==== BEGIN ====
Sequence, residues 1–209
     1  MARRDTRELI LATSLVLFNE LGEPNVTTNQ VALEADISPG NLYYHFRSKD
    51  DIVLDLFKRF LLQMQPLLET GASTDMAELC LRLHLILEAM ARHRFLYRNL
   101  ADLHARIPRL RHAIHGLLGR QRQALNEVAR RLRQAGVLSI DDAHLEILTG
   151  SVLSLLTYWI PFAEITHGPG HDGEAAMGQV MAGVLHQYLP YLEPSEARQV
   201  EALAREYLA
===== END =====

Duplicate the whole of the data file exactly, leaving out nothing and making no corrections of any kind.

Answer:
Sequence, residues 1–209
     1  MARRDTRELI LATSLVLFNE LGEPNVTTNQ VALEADISPG NLYYHFRSKD
    51  DIVLDLFKRF LLQMQPLLET GASTDMAELC LRLHLILEAM ARHRFLYRNL
   101  ADLHARIPRL RHAIHGLLGR QRQALNEVAR RLRQAGVLSI DDAHLEILTG
   151  SVLSLLTYWI PFAEITHGPG HDGEAAMGQV MAGVLHQYLP YLEPSEARQV
   201  EALAREYLA